5

My company hosts an online database for organisations to manage training data for their people.

In most cases, administrator users (team leaders/line managers) manage data for their staff/teams. From an organisation of say, 500 people, usually only around 30 people might ever log in and view data for their teams.

I'm currently trying to understand how the new GDPR regulation regarding consent will be relevant/applied:

(32) Consent should be given by a clear affirmative act establishing a freely given, specific, informed and unambiguous indication of the data subject's agreement to the processing of personal data relating to him or her, such as by a written statement, including by electronic means, or an oral statement. This could include ticking a box when visiting an internet website, choosing technical settings for information society services or another statement or conduct which clearly indicates in this context the data subject's acceptance of the proposed processing of his or her personal data. Silence, pre-ticked boxes or inactivity should not therefore constitute consent. Consent should cover all processing activities carried out for the same purpose or purposes. When the processing has multiple purposes, consent should be given for all of them. If the data subject's consent is to be given following a request by electronic means, the request must be clear, concise and not unnecessarily disruptive to the use of the service for which it is provided.

How therefore can organisations like ours realistically provide this, when many people won't actually see/access their own data? Is consent still required here? Can that consent be managed by the central point of contact at the client (outside our software)?

I've looked at over a dozen sites providing "advice", but each re-hash the same generic information that doesn't provide enough clarity.

4

I believe in this case, your company (OrgX) is a data processor and your customer's organization (OrgY) is the data controller.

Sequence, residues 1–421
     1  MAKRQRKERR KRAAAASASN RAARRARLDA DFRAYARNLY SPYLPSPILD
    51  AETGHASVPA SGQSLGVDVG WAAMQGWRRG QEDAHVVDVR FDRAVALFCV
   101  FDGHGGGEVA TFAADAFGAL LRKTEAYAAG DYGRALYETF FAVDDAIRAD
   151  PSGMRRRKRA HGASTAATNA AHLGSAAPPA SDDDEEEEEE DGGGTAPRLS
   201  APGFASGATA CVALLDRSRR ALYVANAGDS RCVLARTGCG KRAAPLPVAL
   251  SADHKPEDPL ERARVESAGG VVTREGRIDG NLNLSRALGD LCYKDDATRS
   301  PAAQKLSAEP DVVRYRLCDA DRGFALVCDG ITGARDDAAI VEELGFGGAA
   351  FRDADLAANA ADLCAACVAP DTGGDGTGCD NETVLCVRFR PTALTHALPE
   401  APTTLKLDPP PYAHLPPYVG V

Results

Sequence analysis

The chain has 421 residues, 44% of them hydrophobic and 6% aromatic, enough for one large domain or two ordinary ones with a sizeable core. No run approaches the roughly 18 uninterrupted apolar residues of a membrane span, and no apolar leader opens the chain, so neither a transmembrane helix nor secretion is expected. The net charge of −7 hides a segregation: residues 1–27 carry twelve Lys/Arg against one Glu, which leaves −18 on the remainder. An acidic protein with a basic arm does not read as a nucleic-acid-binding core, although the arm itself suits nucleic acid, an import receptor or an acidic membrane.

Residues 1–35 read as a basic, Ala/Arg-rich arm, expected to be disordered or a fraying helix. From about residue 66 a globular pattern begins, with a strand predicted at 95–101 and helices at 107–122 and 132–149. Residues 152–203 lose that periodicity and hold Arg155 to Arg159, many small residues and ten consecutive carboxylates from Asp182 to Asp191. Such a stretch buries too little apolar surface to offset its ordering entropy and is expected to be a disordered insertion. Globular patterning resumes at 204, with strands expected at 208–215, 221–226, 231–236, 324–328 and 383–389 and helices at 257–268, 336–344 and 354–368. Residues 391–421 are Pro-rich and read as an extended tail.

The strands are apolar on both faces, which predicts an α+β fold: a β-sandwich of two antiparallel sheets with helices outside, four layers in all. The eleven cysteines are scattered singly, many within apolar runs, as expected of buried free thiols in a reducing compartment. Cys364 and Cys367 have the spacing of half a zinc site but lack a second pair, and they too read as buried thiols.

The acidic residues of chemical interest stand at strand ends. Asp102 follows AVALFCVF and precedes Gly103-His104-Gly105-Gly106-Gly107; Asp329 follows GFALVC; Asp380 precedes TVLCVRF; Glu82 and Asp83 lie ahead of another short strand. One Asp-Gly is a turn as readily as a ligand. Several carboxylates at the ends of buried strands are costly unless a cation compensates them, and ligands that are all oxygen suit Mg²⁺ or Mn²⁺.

OrgY is responsible for establishing a lawful basis for sending you (OrgX) the personal data for their employees. Note that consent is just one of six lawful bases outlined in article 6(1). I'm no expert, but I believe OrgY's admin can claim they have a legitimate interest in sending their employee's personal data for training sake. In either case, the data processor is not responsible for establishing the lawful basis for processing.

Of course, data processors aren't completely off the hook. GDPR outlines specific requirements for data processors (see chapter 4, particularly article 28).

  • Thanks for this. My rant with the whole regulation is that its open to intepretation on such a grand scale. As with me, you have had to assume an outcome, but I'm sure the ICO (the organisation who manages compliance to this regulation in the UK) would still take pleasure in dishing out a fine if we're wrong. I've written to the ICO for clarity, and will update here if they respond. – EvilDr Jan 18 '18 at 14:24
  • 2
    Oh, and +1 for your belief in the answer, and not because you wrote "OrgY" (...chuckles) – EvilDr Jan 18 '18 at 14:25
  • lol. Didn't even notice that. Makes me think of all the times I've used OrgX and OrgY. – dejuknow Jan 18 '18 at 23:47
  • I think answer should be accepted. The regulation isn't that open to interpretation. The way it specifies the relationship between the controller and processor, and the obligation of the controller to establish the legal basis for processing, pretty much nails it. – Free Radical May 13 '18 at 14:27
  • @EvilDr: Did you receive a reply yet? – danuker Apr 14 at 12:42

Your Answer

By clicking “Post Your Answer”, you agree to our terms of service, privacy policy and cookie policy

Not the answer you're looking for? Browse other questions tagged or ask your own question.